24 October 2013 Leaves
I go all the way around the park round the park listening to the Navy Lark
Our heroes are in trouble Captain Povey has the Admiral round to make an inspection. Admiralty want their money worth out of the Island crew, some hope. Priceless
Sort the books, tidy up give the brass goblets away
We watch Hancock its not too bad
Scrabble today Mary wins get just under 400, though perhaps I will win tomorrow.
Mother Antonia Brenner
Mother Antonia Brenner was a twice-divorced socialite who renounced Hollywood glitz to live as a nun in a Mexican prison
‘Madre Antonia’ in the chapel at the La Mesa prison in Tijuana Photo: AP
6:30PM BST 23 Oct 2013
Mother Antonia Brenner, who has died aged 86, was a twice-divorced former Hollywood socialite and mother of seven who, in 1977, gave away most of her possessions, put on a homemade nun’s habit and went to live in a Mexican prison.
At first the Roman Catholic Church declined to give her its support; indeed for many years, as a divorcée she had been unable to take Holy Communion. Nothing daunted, she left her home in Ventura, California, packed in her job, made her vows in private and moved into a bunk in the women’s wing of La Mesa Tijuana, a prison housing 7,500 male and 500 female prisoners, later moving to her own 10-by-10-ft concrete cell.
La Mesa was a notorious hellhole where rich drug lords ruled the roost while hundreds of their poorer brethren lived in the cold and squalor amid rats and raw sewage, with no beds, food or even lavatory paper unless their relatives brought supplies. Brutalised prison guards contributed to the misery, mistreating the mentally ill and administering cruel interrogations.
Over the next 30 years “Madre Antonia”, as she came to be known, transformed the atmosphere. Armed with a Bible, a Spanish dictionary and her own unassailable moral authority, she waded into riots and gun battles; shamed prison authorities into improving conditions and brought human rights violations to the attention of newspapers.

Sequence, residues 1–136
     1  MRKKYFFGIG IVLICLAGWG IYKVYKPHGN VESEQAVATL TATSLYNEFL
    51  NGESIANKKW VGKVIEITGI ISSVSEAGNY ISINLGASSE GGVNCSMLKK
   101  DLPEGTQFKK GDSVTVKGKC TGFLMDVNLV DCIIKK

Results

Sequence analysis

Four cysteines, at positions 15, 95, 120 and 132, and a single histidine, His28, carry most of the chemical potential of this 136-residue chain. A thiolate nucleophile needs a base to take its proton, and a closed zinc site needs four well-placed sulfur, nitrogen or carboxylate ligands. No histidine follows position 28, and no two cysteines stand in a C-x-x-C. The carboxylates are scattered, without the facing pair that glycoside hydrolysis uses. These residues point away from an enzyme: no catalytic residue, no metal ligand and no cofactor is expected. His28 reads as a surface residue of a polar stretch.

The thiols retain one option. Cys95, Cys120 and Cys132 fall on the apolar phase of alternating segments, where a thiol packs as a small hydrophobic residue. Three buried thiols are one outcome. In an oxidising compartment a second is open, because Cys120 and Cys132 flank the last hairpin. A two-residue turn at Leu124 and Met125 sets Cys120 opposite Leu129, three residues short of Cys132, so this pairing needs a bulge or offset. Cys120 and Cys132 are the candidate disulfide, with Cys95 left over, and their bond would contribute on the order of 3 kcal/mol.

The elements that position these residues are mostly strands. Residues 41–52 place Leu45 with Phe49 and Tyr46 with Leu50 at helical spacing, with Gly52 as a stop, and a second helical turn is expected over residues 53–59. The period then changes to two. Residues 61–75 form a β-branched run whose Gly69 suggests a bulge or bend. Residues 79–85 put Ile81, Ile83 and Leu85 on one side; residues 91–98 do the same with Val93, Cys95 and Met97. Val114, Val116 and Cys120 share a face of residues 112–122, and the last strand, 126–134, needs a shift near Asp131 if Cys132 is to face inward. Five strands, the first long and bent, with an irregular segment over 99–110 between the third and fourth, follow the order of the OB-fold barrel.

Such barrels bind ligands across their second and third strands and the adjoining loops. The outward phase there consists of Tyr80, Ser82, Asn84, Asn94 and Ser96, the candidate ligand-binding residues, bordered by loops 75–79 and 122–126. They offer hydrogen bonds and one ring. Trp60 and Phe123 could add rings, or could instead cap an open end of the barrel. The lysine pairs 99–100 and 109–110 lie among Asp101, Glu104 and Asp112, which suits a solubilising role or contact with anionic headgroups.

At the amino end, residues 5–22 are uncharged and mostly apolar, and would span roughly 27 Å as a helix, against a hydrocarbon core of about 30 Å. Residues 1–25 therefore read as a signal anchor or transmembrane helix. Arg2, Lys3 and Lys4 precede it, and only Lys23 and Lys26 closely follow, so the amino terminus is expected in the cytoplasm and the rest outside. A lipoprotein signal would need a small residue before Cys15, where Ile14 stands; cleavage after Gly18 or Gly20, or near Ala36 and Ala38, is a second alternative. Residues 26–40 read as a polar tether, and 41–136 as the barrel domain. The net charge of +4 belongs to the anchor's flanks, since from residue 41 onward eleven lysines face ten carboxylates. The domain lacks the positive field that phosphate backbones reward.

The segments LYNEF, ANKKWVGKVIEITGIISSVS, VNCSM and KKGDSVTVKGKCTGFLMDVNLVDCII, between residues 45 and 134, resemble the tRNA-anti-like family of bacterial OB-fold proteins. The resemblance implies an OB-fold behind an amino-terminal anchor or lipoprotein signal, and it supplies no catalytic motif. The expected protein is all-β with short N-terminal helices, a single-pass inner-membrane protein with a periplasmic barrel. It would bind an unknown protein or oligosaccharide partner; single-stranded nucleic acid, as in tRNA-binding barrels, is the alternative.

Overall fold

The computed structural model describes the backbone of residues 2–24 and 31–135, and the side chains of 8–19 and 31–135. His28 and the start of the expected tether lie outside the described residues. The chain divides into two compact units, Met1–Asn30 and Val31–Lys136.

16 May 2013
02 May 2013
12 Aug 2011
‘Madre Antonia’ with a statue of St Paul outside the La Mesa prison chapel (AP)
She persuaded doctors and dentists to hold free clinics, got local bakers to donate bread to supplement the meagre prison rations, rescued lavatories from junk yards and insisted on their being installed, prayed with prisoners and guards and got to know their families. She taught offenders to acknowledge they had done wrong, and many would later testify that her example had persuaded them to mend their ways.
She also took on the Mexican legal system, raising money to pay fines to keep petty offenders out of prison and accompanying inmates to court in order to force judges to justify the wildly different sentences they handed out to rich and poor. One Tijuana judge acknowledged that she had convinced him that class should not be a factor in the administration of justice.
After a year her service came to the attention of the ecclesiastical authorities, and 18 months into her ministry the Bishop of Tijuana, Juan Jesus Posadas, made her an auxiliary Mercedarian, an order which works among prisoners. Subsequently her work came to the attention of Pope John Paul II who gave her his blessing. In 1991 Mother Teresa visited Tijuana to see her work.
In 1997 Antonia began the process of forming the Eudist Servants of the Eleventh Hour, a religious community of women who serve the poor and downtrodden. She bought a house near the prison to serve as a refuge for women leaving the prison, for women and children visiting family members, and women and children in Tijuana for cancer treatment. In 2003 the community, many of them older women who had been turned away by other religious communities because of their age, was formally accepted by the Bishop of Tijuana.